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Celebrating our female detectives after 40 years on the case

Detective Sergeant Elisha Edwards talks about her work 40 years after the first female detective was appointed.
Detective Sergeant Elisha Edwards talks about her work 40 years after the first female detective was appointed. Rob Williams
GROUND BREAKER: The first female detective in Ipswich was appointed in 1973, Noleyne Milne, became a Detective Constable in 1981.
GROUND BREAKER: The first female detective in Ipswich was appointed in 1973, Noleyne Milne, became a Detective Constable in 1981. Contributed

IT HAS been 40 years since the first female detective was employed with the Queensland Police Service and the number of women in the ranks has risen steadily since.

Although once a male-dominated profession, women have played an increasingly important role since being introduced into the then-Queensland Police Force in 1931.

Detective Sergeant Elisha Edwards joined the Queensland Police Service in 2003 and has worked in Ipswich for 10 years.

"I was initially sent to Ipswich as a first-year Constable and stayed here for eight years before transferring to the Homicide Investigation Unit in Brisbane," she said.

"When the opportunity came up to return to Ipswich, I did.

"Ipswich has always been a great place to work, I've learnt a lot and the people here are great."

Sgt Edwards said she had held an interest in policing since childhood.

"The variety in the job keeps me interested, I like that I get to work and have no idea what the day has planned for me," she said.

"In terms of career, I like the opportunities to move into different fields within the same organisation.

"I became a detective after working alongside detectives when I was in uniform and was inspired by their knowledge."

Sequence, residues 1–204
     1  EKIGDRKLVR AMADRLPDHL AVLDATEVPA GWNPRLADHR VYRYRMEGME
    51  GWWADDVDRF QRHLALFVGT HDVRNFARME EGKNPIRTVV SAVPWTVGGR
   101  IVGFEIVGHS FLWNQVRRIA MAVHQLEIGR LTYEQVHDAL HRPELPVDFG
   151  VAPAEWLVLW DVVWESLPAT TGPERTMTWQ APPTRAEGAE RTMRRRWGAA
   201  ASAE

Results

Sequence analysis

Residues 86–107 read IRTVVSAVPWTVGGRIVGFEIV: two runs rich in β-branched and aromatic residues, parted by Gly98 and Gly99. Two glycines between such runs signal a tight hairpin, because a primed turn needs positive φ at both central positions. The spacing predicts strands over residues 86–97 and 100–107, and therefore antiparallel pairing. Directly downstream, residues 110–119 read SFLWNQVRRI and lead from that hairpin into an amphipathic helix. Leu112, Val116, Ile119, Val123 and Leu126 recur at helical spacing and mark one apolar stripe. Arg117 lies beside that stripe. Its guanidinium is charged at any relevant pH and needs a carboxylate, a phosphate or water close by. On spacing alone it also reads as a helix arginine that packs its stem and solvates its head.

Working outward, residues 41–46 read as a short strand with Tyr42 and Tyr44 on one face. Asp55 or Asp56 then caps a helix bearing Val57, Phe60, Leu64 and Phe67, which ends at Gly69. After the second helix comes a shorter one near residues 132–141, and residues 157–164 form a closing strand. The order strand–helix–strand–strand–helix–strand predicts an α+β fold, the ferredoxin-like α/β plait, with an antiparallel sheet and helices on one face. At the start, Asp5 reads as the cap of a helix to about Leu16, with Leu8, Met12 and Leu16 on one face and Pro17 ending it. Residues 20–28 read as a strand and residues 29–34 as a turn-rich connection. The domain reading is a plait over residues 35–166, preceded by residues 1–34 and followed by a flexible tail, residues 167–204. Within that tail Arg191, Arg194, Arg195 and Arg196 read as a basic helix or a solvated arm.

Having worked in the Queensland Police Service for more than a decade, Sgt Edwards has experienced both the best and worst parts of policing.

"The best part of my job would be achieving results," she said.

"It's always great to help people out when they've been the victim of crime.

"The worst part of the job is having to tell people they've lost a loved one."

Today around 25% of Queensland Police officers are women.

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Detective Inspector Lew Strohfeldt, from Ipswich station, said there were currently six female detectives in Ipswich, as well as 13 plain clothes officers who are working to attain their detective qualifications.

"All of our detectives are very capable and an asset to the service," he said.

"Every officer we have is excellent at their job without exception, our detectives in the Ipswich area are a great team of people."

The QPS actively encourages woman to join the service.

"I have noticed that each year more and more woman are joining and many are showing an interest in becoming a detective," Sgt Edwards said.

"I don't really think about being a woman in the service, I think it's more about how effective I am and what I can offer the service as opposed to my gender.

"In the Ipswich Police District we have quite a few female detectives already working in both the Criminal Investigations Branch and Child Protection Units."

This year also marks the 150th anniversary of the Queensland Police Service.

Topics:  queensland police service



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